MH: To say that American foreign policy needs a change in tone or attitude, or an opening up and reaching out is as obvious as saying that OJ Simpson might have had a bad month. This administration’s bunker mentality has been counterproductive, both at home and abroad.

HH: And then cut number two:

MH: We haven’t had diplomatic relationships with Iran in almost thirty years, most of my entire adult life. And a lot of good it’s done. Putting this in human terms, all of us know that when we stop talking to a parent, or a sibling, or even a friend, it’s impossible to resolve the differences, or to move that relationship forward. Well, the same is true for countries.

HH: Larry Sabato, this is the kind of rhetoric one expects from the left, or from Jimmy Carter. Is it going to help or hurt Mike Huckabee in a Republican primary?

MH: Oh, I would think it would hurt. You know, what I thought you were playing at first, Hugh? I thought you were playing the debate between Barack Obama and Hillary Clinton about talking to the Iranian leader, and the Cuban leader, and the Venezuelan leader. Remember that?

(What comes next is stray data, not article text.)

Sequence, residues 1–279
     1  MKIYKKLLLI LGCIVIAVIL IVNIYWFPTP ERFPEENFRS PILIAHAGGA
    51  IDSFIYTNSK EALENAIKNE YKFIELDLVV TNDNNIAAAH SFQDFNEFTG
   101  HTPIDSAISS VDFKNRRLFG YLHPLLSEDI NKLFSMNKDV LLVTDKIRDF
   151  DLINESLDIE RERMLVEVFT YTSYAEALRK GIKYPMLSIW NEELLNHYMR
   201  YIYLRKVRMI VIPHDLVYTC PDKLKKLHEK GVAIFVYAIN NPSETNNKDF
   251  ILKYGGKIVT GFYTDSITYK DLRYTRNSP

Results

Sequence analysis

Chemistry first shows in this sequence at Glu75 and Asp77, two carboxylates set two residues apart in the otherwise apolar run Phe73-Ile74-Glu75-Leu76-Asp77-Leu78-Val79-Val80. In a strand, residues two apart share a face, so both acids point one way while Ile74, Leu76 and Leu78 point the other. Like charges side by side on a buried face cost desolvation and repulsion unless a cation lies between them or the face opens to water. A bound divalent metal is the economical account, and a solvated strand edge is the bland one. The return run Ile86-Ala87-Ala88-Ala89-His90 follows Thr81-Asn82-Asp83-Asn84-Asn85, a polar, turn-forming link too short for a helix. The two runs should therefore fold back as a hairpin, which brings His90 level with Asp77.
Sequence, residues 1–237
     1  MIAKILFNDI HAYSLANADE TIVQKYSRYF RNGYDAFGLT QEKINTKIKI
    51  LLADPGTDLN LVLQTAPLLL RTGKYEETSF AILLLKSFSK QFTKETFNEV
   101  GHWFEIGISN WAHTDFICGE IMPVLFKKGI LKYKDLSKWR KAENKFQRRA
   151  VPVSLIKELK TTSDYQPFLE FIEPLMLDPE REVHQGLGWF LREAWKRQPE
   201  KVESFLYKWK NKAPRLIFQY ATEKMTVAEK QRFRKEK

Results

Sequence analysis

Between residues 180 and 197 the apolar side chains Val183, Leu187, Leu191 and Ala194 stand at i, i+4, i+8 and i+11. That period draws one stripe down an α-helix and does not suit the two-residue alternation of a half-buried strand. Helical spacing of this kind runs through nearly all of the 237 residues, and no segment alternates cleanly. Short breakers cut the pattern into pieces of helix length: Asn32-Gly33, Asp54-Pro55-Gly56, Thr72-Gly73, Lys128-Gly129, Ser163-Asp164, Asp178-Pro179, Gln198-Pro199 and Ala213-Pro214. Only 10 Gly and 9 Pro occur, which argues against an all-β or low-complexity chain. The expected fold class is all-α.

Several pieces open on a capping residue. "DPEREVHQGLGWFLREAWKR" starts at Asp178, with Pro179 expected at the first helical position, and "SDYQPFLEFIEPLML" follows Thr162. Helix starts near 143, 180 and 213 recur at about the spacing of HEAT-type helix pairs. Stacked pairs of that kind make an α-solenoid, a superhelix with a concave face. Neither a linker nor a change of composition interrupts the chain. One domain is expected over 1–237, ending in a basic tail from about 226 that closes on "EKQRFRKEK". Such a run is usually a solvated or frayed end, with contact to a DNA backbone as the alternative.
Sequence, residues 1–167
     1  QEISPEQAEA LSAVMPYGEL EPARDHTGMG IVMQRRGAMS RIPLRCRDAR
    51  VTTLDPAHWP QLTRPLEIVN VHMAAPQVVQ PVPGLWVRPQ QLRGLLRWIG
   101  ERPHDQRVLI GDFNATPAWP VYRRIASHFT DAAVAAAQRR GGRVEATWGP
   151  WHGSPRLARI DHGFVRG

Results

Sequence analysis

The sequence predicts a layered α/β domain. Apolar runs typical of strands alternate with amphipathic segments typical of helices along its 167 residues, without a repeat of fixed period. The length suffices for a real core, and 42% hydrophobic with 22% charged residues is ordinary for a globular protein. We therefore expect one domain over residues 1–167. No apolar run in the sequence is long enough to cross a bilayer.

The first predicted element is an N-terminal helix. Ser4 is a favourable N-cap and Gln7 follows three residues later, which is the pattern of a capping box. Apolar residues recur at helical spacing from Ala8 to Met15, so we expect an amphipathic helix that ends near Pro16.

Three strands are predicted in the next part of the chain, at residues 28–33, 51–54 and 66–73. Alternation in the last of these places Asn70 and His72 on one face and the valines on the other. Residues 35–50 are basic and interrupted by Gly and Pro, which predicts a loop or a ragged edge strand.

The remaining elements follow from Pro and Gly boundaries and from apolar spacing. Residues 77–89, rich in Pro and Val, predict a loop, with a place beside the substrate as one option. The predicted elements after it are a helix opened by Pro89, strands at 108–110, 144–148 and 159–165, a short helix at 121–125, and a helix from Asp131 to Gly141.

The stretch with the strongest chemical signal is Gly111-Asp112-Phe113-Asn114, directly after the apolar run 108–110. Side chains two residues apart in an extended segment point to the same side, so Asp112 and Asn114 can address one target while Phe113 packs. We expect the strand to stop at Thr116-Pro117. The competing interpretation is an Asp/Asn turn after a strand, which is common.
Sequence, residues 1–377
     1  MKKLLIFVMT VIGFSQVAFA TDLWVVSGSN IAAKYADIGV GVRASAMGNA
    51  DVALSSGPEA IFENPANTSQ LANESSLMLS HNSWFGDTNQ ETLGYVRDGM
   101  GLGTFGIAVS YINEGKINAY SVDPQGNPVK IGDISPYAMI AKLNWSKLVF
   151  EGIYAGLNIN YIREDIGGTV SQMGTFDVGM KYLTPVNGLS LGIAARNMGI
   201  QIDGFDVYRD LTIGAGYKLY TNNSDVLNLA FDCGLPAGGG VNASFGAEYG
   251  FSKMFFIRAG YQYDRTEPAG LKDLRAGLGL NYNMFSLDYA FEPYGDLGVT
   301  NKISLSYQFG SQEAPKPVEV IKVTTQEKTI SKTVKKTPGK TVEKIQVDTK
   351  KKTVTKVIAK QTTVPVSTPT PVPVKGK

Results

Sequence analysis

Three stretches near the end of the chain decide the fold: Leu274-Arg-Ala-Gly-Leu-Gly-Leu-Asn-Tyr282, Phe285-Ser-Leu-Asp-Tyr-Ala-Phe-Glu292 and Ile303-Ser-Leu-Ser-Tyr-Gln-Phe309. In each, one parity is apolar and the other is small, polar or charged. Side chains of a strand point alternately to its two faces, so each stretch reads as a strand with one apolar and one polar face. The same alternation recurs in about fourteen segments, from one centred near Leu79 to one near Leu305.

HH: Yup.

MH: It sounds almost word for word to me. So no, look, I can’t imagine that if that gets out, and is really widely publicized, that it would help Huckabee after Iowa. You know, somehow, I think, Iowa may be a cake that’s almost done. But I don’t think that’s true for the other states.

HH: Now today, 79 anti-illegal immigration activists blasted Jim Gilchrist and Mike Huckabee, calling Mike Huckabee pro-amnesty. That’s the sort of thing that could hurt in Iowa, which is very, very staunchly a border security state. But when you say the cake is baked, is it because people are turning off political news now?